What does legalising cannabis do to a city?

A cool person in Colorado doing something cool. Image: Getty.

It’s 4/20, a.k.a. National Weed Day: the day that a heady smog rises above every capital city, and hard currencies are replaced by fistfuls of crushed Doritos. In anticipation of 4/20, states in Australia and the United States have blazed up early, by announcing their plans to (partially) legalise cannabis.

Such decisions are made at national and state level. But, while advocates used to cite data collected from cannabis convivial countries like the Netherlands and Uruguay, a move towards legalisation in many U.S. states has lead to a spate of research at city level.

So, with this in mind, what impact does legalising cannabis have on a city and its infrastructure?

Economic benefits and drawbacks

Established weed welcomers have been long been aware of the economic benefits of legalisation: in the Netherlands, tax on coffee shops alone nets the government over €400m per annum. This is despite efforts by city councils to curtail the number of people who can buy and smoke cannabis.

Since Colorado legalised cannabis in November 2012, the state capital Denver has seen a “gold rush” of tourists, investment and new residents. A recent report from the Drug Policy Alliance found that the opening of just two dispensaries in Denver created 280 jobs and an economic output of $30m in the first half of 2014. There has also been an impact on the city’s housing market, with rent prices increasing by 9.6 per cent in 2014 and real estate prices rose by 10 per cent.

That said, these numbers are only impressive if a city actually wants drugs tourists and half its workforce priced out of the housing market.

And even though the sale of cannabis has benefited the Dutch economy, in October 2011 the border-city of Maastricht started banning foreigners from buying and smoking it. City authorities declared that drugs tourism was causing major traffic problems and disrupting residents’ ability to use the city. More recently Amsterdam, has started closing coffee shops in an attempt to make its central tourist district a bit more classy (elitist) and less sketchy (fun).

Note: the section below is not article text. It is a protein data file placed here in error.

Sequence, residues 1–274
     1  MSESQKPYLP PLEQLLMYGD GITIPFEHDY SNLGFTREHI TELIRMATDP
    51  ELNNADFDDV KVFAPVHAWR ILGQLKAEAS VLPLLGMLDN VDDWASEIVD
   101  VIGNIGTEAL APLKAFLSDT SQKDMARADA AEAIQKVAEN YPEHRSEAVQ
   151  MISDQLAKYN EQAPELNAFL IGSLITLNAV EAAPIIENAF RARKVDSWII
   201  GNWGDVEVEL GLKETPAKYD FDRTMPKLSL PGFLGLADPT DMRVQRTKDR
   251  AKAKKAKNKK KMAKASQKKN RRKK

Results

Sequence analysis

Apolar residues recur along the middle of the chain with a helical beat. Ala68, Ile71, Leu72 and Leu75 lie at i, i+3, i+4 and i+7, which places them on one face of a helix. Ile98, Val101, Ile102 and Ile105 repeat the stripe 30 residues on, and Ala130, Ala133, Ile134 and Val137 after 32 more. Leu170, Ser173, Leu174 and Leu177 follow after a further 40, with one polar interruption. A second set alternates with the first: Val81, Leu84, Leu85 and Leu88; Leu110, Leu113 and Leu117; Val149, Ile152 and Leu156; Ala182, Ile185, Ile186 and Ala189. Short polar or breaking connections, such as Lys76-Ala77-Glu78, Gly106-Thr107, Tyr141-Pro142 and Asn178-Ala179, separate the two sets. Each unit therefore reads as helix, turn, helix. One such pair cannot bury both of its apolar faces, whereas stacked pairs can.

Less petty crime, more serious crime

Colorado legalised cannabis in 2012. Two years later, arrests for possession were down by 95 per cent in comparison to 2010. (You can still be arrested for carrying more than one ounce at a time.)

In theory, fewer arrests means less police time spent harassing teenagers suffering from pink eye. That in turn means fewer tax dollars spent on processing (in New York City the average possession charge costs $1000-$2000); fewer non-violent, first time offenders in prison; and an economy that benefits from not having a large proportion of its potential work force behind bars.

This theory holds true for cities that have legalised cannabis in the last five years. But! There has been a slight increase in serious crime. Not enough for residents to retreat into gated communities and start hoarding Fray Bentos pies; just enough for anti-legalisation advocates to start getting twitchy.

In 2015 burglaries at Denver cannabis businesses made up 2.5 per cent of attempted robberies in the city. And local police report that the number of “marijuana related crimes” are on the up – although there’s a gaping chasm of information about how these crimes were “related” to cannabis).